Getting 90+ for math in primary school (tips)

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Getting 90+ for math in primary school (tips)

Postby learning123 » Tue Jun 28, 2011 11:51 pm

I tutored a primary 5 girl this year and she was quite bright, but her foundation was very weak and failed her mid years!!

I was surprised when her parent first showed me her grades because primary math always seemed to be very manageable from my past experience.

Thankfully she passed her science after I gave her a crash course 1 day before her exam :D

Getting 90+ for math in primary school is key to a high PSLE score!

To do well in math, the ability to link the different math chapters taught and apply them to solve long problems is very important. My student was especially weak with problem sums because her concepts are in bits and pieces. Strong concept foundation and understanding of the material is required for a student to link well too.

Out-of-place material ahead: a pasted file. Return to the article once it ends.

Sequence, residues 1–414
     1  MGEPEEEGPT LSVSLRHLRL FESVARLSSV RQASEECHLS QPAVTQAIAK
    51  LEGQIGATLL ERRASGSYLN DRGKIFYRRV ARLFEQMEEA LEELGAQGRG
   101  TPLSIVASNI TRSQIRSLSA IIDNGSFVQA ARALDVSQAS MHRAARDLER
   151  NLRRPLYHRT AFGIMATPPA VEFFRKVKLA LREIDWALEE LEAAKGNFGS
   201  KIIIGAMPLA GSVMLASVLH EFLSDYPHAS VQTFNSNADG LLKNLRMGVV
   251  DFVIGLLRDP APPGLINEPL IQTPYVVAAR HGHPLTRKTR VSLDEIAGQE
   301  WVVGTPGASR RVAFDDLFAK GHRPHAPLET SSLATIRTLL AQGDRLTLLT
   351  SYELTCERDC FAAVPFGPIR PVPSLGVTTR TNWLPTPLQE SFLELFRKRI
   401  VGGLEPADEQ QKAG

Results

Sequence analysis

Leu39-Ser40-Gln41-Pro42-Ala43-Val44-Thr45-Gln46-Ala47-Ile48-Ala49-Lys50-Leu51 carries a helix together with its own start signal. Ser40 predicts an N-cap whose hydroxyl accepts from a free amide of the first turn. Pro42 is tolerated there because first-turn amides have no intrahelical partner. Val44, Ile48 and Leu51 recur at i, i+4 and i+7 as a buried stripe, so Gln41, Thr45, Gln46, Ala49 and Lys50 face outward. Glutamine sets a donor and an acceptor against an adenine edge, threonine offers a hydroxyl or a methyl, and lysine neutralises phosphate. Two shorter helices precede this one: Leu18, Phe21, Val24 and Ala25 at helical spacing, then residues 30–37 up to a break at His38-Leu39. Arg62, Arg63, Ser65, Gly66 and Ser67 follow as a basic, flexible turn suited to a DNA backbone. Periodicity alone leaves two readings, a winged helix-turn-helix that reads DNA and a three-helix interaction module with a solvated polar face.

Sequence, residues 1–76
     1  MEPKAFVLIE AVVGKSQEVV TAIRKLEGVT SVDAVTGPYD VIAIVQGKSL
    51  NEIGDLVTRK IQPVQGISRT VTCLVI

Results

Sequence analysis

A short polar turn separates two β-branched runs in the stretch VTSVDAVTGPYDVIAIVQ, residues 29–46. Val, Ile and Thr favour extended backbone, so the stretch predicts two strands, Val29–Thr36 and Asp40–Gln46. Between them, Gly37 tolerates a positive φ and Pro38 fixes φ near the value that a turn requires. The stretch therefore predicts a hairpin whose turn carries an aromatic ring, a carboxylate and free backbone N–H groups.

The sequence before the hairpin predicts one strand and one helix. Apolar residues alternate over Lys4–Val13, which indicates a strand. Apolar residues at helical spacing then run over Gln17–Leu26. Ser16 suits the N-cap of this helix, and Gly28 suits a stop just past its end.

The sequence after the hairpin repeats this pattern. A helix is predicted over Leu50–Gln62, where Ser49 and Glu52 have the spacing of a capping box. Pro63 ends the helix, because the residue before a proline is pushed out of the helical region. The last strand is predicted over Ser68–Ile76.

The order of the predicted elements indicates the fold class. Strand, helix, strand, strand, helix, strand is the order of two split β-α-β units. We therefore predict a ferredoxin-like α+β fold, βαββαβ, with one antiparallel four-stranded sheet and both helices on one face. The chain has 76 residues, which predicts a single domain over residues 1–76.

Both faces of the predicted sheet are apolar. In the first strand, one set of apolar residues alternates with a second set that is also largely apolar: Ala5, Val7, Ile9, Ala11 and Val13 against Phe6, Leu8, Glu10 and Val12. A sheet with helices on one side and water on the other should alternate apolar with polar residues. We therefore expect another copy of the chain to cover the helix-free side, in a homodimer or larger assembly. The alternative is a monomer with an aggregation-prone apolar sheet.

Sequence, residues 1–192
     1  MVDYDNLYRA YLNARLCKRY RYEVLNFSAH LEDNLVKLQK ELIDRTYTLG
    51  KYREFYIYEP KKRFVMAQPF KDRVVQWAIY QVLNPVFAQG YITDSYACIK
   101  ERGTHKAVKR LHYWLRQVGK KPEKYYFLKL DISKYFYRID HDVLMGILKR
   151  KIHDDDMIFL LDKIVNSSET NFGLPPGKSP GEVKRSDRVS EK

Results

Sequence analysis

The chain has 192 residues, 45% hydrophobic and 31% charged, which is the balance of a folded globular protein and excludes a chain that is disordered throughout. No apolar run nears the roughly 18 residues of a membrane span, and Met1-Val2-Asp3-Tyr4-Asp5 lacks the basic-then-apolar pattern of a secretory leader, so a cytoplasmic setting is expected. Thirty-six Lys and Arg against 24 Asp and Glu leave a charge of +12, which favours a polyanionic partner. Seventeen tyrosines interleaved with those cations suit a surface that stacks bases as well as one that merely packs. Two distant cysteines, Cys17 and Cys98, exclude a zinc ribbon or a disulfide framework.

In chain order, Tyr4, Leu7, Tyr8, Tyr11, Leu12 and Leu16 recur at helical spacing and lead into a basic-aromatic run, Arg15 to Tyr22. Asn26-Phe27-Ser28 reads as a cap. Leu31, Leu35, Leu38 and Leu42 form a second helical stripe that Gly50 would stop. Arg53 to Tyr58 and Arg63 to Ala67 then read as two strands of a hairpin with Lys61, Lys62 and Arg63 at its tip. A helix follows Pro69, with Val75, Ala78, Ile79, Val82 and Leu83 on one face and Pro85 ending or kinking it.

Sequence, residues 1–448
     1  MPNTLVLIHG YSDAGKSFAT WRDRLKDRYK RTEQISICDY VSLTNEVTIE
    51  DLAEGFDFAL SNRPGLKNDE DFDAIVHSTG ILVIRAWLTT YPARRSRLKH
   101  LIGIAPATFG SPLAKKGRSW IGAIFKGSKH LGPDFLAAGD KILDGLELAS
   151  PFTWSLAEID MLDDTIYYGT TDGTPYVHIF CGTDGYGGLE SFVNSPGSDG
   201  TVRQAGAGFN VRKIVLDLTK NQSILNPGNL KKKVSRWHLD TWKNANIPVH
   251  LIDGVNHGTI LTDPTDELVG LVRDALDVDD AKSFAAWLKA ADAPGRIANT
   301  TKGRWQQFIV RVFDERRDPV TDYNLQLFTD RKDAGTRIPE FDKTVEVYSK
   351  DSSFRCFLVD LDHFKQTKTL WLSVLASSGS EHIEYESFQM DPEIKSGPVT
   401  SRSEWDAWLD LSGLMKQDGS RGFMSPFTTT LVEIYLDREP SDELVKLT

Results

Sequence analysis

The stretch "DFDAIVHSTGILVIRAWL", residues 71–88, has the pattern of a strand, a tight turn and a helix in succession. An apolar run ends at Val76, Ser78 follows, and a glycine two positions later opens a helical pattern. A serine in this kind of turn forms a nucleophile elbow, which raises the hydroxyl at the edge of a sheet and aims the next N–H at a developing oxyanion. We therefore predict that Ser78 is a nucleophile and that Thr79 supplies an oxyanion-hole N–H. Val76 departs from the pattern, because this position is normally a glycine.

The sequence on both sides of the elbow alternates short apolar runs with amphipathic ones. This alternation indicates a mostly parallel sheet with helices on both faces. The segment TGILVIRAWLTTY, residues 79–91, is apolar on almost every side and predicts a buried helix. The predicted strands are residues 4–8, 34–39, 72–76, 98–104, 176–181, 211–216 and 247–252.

Of course managing the time, and scoring as many marks as possible within the given time is also an essential skill a student needs to master. This is the most easy skill to pick up, if u ask me.

Lastly, Good Quality questions and practice :D

easier said than done, but...it's possible!

learning123
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Re: Getting 90+ for math in primary school (tips)

Postby bigsnoopy » Wed Jun 29, 2011 12:03 am

Agreed! But how to build strong concept foundation?